Chapter 7 Bankruptcy Eligibility

Are You Eligible for Chapter 7 Bankruptcy?

Chapter 7 Bankruptcy Eligibility in Kansas

Introduction

Chapter 7 Bankruptcy Eligibility

For individuals who have too much debt to pay off, Chapter 7 bankruptcy can be an option. Filing Chapter 7 bankruptcy provides debt relief through discharge. Most individuals who have  Chapter 7 bankruptcy eligibility must fulfill eligibility requirements.

You have the legal right to a fresh financial start under Chapter 7 bankruptcy. Sound legal advice from a competent bankruptcy attorney is within your reach. Regardless of where you live in Kansas, Roach Bankruptcy Center, LLC will prepare and file your Chapter 7 bankruptcy on your behalf. 

The Means Test

The process of asset liquidation is governed by Chapter 7 of Title 11 of the United States bankruptcy code. A bankruptcy trustee is assigned to liquidate nonexempt property in order to pay creditors. Once the proceeds have been depleted, the remaining debt is dismissed. To file Chapter 7, the debtor must meet certain eligibility conditions, including not having been discharged from a Chapter 7 bankruptcy in the past eight years and passing a means test. Additionally, this procedure is referred to as “straight” or “liquidation” bankruptcy.

In Chapter 7, it is specified under the absolute priority rule in which sequence debts are to be paid off. Under this regulation, unsecured debt is divided into groups or categories, with each group or category obtaining payment priority over the others. Secured debt, such as a mortgage, is debt that is backed or secured by collateral in order to lessen the risk involved with lending.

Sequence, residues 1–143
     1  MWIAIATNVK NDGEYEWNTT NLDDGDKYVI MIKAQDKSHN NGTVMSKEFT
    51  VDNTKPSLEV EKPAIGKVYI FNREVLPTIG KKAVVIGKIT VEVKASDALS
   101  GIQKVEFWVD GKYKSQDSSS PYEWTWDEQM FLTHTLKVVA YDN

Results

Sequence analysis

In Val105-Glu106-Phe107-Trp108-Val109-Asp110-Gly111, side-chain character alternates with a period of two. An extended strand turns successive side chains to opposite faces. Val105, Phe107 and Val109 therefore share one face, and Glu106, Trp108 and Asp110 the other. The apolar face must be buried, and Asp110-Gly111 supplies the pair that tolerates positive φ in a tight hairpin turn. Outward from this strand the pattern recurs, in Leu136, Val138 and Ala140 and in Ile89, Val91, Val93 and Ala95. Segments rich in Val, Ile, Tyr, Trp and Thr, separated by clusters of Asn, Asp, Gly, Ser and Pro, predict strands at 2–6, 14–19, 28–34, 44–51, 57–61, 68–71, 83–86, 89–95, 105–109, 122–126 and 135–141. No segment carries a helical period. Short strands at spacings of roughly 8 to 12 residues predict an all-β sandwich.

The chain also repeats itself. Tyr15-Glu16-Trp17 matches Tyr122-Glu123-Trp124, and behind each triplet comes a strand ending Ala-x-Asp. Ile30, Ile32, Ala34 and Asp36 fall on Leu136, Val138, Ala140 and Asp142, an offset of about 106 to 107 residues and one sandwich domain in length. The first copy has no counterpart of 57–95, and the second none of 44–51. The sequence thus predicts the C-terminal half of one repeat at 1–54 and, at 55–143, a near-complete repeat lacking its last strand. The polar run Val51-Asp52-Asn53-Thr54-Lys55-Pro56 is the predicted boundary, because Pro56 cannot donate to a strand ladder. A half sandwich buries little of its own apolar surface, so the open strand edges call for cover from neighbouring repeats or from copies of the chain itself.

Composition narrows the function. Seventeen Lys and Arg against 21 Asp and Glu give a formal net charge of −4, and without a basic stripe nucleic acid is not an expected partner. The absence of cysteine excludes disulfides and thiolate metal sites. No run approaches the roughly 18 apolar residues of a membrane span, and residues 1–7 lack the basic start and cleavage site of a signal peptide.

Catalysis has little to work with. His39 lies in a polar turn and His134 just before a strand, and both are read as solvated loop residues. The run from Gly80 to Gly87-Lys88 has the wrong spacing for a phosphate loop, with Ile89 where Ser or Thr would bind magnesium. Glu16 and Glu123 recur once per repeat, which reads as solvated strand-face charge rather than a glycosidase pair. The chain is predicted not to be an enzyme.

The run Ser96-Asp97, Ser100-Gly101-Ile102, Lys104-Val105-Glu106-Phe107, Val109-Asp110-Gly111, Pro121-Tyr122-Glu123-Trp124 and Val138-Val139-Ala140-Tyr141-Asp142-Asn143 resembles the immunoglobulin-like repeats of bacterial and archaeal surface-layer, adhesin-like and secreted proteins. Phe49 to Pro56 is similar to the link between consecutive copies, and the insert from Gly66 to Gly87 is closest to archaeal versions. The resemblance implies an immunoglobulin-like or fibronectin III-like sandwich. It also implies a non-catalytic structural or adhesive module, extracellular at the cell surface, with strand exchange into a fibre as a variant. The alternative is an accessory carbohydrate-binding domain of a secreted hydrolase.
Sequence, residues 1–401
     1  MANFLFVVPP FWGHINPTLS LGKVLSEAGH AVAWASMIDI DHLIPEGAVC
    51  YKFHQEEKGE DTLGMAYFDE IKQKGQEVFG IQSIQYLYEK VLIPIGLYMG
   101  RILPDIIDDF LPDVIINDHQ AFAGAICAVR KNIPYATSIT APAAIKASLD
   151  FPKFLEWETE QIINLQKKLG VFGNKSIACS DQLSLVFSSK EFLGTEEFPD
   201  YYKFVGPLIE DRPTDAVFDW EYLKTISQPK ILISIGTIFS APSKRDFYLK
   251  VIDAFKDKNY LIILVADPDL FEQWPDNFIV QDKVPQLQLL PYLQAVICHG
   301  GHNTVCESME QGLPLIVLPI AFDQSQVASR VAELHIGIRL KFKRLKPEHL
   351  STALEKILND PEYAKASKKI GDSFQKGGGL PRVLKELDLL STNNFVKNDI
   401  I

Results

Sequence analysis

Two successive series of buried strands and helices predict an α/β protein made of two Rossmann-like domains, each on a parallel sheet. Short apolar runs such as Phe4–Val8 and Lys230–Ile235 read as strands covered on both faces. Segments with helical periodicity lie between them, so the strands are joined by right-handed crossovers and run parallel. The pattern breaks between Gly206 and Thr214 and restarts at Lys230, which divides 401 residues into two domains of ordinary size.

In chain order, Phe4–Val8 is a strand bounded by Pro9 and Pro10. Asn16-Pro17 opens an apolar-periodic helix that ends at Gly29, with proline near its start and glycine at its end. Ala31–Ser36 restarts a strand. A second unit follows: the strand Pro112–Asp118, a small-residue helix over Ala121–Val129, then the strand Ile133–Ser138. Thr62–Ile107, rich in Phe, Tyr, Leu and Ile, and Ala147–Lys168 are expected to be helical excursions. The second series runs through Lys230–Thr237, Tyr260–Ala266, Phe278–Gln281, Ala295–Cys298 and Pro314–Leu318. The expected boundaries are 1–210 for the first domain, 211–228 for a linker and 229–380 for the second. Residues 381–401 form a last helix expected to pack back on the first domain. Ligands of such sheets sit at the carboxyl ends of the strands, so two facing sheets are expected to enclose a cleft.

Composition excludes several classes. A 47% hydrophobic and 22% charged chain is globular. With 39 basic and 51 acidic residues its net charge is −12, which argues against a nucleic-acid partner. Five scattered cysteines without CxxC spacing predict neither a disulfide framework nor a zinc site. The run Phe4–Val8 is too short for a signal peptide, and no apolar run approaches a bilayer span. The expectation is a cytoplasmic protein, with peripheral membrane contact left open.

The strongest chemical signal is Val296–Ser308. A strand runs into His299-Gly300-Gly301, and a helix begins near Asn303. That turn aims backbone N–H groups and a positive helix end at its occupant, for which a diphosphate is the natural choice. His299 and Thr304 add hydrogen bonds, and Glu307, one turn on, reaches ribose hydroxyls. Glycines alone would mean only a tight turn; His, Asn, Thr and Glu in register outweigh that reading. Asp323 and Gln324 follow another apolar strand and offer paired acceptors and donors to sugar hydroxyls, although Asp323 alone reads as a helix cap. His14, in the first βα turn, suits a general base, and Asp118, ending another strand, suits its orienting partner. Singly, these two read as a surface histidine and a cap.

Priority debts that are not secured are paid first. Tax payments, child support, and personal injury claims against the debtor are all examples of unsecured priority debts that must be paid first. Debts that are secured are paid first. The final step is to pay off non-priority, unsecured debt with the monies left over from the sale of assets remaining. It is paid on a pro-rata basis to debts that are not prioritized if there is insufficient money to pay them all in one lump sum payment.

The Means Test

If you want to file for Chapter 7 bankruptcy in Kansas, you must first pass the state’s means test. The test only relates to higher income registrants, which means that if your income is less than the Kansas median for your household size, you are excluded from the test and are eligible to file a Chapter 7.

If your income is greater than the Kansas median, you will be required to complete a means test calculation in order to evaluate whether you will be able to pay back a part of your unsecured obligations through a Chapter 13 bankruptcy proceeding.

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Kansas Median Household Income

If your current monthly household income is less than the Kansas median household income for your size, you are presumed to pass the means test and be able to apply for Chapter 7 bankruptcy.

Your household’s average income is calculated by averaging your monthly earnings over the previous six calendar months. If your income exceeds the median income limit and has decreased over the last six months, waiting one or more months may bring your income below the Kansas median level. Once your average monthly income is determined, multiply it by 12 to obtain your yearly income for the Kansas median income test.

  • One MemberHousehold of One – $43,793.00
  • Two Member Household  – $57,502.00